Five questions for Sally Williams
Guy Somerset · 09 May 2017
The director of Doc Edge film Ken Dewey – This is a Test on her journey from orangutans with NHNZ to happenings with a pioneering performance artist.
Ken Dewey – This is a Test, 8.15pm, Thursday 11 May, and 2.45pm, Saturday 13 May, Roxy Cinema, Wellington, with director Sally Williams in attendance on both days for a post-screening Q&A; and 2.30pm, Tuesday 30 May, and 6pm, Thursday 1 June, Q Theatre, Auckland, with editor Justin Redding in attendance on both days for a post-screening Q&A. Part of Doc Edge, Wednesday 10 – Sunday 21 May, Wellington, and Wednesday 24 May – Monday 5 June, Auckland.
How did you get from filming orangutans in Borneo for NHNZ to making a documentary about Ken Dewey? The potted history, please.
Deploying potted history: It involves horse manure. Way back in 2000 when I was a recent science grad working at the New Zealand Dairy Board (now Fonterra), I saw an old friend across Lambton Quay and went over to say gidday – this encounter led me to a job shovelling horse manure in New Jersey ... and that encounter led to a life-changing friendship with an 80-year-old woman called Betty. Ten years later, after working at NHNZ and making friends with orangutans, I went back to take care of Betty – she was 90 years old and still riding horses, so when I say “take care of” what I mean is mostly “attempt to facilitate her awesomeness”. I convinced Betty to let me make a film about her. It was a private film because Betty was a private person. But this film became the gateway to my visibility as a filmmaker on the east coast of the United States and it has been all go since then.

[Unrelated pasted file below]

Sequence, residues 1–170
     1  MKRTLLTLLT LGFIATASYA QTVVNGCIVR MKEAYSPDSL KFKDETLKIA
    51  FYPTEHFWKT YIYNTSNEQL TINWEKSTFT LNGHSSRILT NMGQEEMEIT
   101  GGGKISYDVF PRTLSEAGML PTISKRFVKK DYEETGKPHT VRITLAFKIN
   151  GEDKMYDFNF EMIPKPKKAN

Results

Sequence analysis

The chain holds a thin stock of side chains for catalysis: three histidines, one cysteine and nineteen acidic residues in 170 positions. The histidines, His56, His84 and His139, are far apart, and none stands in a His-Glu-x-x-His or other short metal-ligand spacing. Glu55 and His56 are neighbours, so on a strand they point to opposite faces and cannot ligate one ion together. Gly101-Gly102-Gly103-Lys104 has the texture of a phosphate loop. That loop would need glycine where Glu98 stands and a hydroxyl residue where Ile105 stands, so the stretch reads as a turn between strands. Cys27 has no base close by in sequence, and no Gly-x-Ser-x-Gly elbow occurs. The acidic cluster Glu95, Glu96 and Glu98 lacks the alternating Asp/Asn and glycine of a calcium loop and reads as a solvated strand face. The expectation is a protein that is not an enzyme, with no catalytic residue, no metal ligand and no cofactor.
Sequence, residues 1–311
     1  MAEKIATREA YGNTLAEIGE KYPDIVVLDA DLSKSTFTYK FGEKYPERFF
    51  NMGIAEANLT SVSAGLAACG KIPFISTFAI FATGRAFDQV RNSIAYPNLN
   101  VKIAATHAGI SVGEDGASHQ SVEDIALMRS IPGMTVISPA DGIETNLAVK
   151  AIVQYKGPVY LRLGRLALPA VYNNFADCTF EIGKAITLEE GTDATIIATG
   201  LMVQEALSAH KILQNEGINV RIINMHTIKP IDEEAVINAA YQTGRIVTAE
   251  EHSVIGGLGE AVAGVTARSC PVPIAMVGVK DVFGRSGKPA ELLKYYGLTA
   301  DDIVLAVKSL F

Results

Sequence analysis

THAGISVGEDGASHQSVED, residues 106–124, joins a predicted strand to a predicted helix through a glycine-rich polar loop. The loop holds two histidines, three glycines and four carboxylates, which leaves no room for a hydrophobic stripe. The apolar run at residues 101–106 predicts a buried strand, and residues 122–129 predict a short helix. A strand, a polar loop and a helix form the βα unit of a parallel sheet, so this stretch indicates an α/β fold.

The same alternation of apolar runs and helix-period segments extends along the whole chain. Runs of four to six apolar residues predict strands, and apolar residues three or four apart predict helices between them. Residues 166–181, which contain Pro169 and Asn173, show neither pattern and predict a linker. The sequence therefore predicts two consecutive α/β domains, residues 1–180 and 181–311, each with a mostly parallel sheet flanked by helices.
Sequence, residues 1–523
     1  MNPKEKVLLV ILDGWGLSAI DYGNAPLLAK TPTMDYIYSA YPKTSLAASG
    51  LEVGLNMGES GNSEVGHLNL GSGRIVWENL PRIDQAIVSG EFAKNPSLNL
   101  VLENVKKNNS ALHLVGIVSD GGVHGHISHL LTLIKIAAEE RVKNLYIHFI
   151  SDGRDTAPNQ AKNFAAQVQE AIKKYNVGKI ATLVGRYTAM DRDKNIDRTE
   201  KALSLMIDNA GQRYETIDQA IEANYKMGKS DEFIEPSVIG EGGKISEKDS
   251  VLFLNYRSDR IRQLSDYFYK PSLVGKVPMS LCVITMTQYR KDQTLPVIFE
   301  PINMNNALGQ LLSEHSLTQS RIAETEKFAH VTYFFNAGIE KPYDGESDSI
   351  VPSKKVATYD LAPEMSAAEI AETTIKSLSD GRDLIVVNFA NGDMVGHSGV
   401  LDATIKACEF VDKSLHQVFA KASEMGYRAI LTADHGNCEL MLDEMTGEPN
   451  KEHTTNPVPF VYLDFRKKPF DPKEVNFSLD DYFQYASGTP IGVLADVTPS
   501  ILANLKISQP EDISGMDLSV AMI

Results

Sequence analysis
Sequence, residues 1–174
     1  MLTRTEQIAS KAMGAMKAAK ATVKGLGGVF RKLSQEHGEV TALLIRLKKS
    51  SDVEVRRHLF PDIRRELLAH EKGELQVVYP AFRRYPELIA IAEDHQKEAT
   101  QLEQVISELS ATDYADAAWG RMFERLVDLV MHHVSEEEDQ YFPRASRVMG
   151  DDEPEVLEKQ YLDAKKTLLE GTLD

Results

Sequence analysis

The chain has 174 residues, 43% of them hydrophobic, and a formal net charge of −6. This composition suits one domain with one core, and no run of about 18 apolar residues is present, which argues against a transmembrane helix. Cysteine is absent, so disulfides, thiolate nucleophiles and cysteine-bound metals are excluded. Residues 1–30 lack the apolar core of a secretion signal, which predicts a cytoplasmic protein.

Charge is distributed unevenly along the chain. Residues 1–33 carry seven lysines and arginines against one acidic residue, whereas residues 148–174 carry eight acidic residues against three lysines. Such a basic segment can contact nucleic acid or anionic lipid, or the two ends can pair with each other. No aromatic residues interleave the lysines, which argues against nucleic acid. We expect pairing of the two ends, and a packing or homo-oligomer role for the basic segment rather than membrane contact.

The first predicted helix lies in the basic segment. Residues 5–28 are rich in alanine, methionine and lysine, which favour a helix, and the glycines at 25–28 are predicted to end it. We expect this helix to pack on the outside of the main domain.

How and when did you first become aware of Dewey?
I first became aware of Dewey when I was hanging out with Betty. We would ride over neighbouring farms and she'd tell me stories about her friends who lived there – including the Dewey family. This area of New Jersey was full of traditional (some might say conservative) American success stories often deeply rooted in pharmaceuticals and the like. To hear a story about a ground-breaking avant-garde artist who was at the forefront of negotiating a new future for art in society... well, it made the manure shovelling all the more worth it.
What about Dewey and his story appealed to you? Stupid question – what wouldn't ...
Right – what wouldn't appeal? One of the first stories I heard about Dewey was about his memorial service in 1972 (not too much of a spoiler alert because we open the film with footage from this event). Yoko Ono, John Lennon and a bus load of iconic New York artists came out to the farm in New Jersey where Dewey had grown up and they all performed artistic works to honour Dewey’s life. From poets to writers, performance artists, musicians, politicians and bureaucrats – Dewey's life had become what he liked to term a “crossing”. He was fascinated by the power of collaboration – bringing together disparate disciplines both inside and outside the art world and helping them cross over. When he worked in Scandinavia, he was bringing musicians, theatre actors, dancers, television, radio together to see what would happen. It was a way of both challenging the status quo and also trying to find a new language for a new time. That really appealed to me because I feel like 50 years later we are looking for that again. Dewey was exploring new art forms (happenings and expanded cinema) to help people question their reality. He kind of raged against the machine in this very curious way and that really fascinated me.